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First Animals Evolved in Lakes, Not Oceans, Study Hints

Ker Than
for National Geographic News
July 28, 2009
 
Earth's first animals may have evolved in salty lakes, not oceans, a new study suggests.

Evidence for simple life on Earth stretches back billions of years, but the first multicelled animals didn't appear until a few hundred million years ago. (Explore a prehistoric time line.)

Many scientists have argued that these first, complex creatures arose in the oceans.

"It just seems like a fairly reasonable thing to assume, given the chemical and environmental stability of the oceans," said Martin Kennedy of the University of California, Riverside.

But a new study of one of the oldest known fossil beds has revealed abundant amounts of a mineral called smectite, which forms in salty, alkaline lakes—not seawater.

More Hospitable

Southern China's Doushantuo formation, which dates back 600 million years, contains well-preserved fossil embryos of some of the earliest known animals, including sponges, jellyfish-like creatures, and early forms of a group of extinct corals.

(Related: "Earliest Animals Were Sea Sponges, Fossils Hint.")

At the time those animals lived, fungi and primitive plants had already colonized the land and were gradually increasing the levels of oxygen in the atmosphere.

Lakes absorb atmospheric oxygen more readily than the ocean, so early lakes may have become the first hospitable environments for animals, said Kennedy, lead author of the study, appearing in the current online issue of the journal Proceedings of the National Academy of Sciences.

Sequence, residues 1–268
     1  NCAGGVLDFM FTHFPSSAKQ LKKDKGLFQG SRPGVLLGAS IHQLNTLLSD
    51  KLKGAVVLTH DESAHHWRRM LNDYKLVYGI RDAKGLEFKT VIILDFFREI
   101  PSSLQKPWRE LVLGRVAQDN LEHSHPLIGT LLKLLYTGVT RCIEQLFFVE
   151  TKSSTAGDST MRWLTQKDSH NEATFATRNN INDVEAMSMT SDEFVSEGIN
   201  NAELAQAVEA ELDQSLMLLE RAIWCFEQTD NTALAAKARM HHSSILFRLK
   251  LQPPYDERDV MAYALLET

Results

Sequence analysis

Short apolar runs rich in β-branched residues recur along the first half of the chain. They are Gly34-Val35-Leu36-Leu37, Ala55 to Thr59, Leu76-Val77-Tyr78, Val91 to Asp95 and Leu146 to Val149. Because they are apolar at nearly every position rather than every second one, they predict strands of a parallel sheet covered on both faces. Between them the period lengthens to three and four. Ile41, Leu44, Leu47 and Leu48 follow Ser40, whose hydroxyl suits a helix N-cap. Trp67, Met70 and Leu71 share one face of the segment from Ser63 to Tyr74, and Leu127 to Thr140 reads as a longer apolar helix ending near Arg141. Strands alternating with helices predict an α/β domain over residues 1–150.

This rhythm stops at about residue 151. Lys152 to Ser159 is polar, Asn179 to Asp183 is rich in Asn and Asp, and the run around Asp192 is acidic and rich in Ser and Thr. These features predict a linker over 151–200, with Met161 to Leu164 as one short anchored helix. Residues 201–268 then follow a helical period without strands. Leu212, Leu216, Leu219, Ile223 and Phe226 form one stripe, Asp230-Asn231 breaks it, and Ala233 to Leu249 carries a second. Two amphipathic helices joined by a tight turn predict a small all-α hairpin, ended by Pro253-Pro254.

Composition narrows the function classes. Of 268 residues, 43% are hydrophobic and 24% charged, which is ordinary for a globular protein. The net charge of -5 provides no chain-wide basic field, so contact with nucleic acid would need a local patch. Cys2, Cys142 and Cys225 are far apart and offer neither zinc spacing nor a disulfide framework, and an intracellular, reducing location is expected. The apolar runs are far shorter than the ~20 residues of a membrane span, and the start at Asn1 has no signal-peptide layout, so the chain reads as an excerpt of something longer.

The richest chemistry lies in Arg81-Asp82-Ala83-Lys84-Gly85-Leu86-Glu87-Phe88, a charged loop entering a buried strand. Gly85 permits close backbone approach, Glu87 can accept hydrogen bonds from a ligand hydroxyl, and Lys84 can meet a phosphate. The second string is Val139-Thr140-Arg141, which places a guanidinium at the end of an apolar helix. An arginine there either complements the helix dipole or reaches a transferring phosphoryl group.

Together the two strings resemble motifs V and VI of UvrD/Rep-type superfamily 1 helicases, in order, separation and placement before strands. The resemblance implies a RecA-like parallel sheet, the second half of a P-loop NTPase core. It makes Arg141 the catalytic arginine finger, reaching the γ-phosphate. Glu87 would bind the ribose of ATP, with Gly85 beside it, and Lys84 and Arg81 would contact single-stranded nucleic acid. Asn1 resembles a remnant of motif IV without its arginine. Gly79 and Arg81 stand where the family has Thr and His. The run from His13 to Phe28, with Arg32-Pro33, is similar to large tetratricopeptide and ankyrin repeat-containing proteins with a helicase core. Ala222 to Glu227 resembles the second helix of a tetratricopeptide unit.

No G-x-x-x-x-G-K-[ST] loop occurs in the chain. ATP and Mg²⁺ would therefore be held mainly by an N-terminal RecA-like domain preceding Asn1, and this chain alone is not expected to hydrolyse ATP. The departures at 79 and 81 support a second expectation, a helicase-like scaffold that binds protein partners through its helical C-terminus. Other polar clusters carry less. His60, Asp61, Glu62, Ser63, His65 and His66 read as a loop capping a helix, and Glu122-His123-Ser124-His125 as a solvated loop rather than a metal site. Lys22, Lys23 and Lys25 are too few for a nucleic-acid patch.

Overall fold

"It would have taken the oceans much more time to have the same oxygen concentration that this lake had during this time," Kennedy added.

Other scientists have dismissed lakes as suitable homes for the first animals, on the grounds that such water bodies are often short-lived. Lakes typically last just a few thousand years, not long enough for life to evolve.

The lake at Doushantuo, however, lasted for tens of millions of years, and its longevity may have helped animal life gain a foothold, Kennedy said.

Better Preservation?

The new study is "incredibly interesting," said geobiologist Roger Summons of the Massachusetts Institute of Technology, who was not involved in the work.

Still, there could be other explanations for why older animal fossils haven't been found in marine sediments, he said.

For example, some environmental change may have occurred at Doushantuo 600 million years ago that allowed fossils to be preserved there in a way that wasn't possible in the oceans.

"This may be a preservational phenomenon as opposed to an evolutionary phenomenon," Summons said.
 

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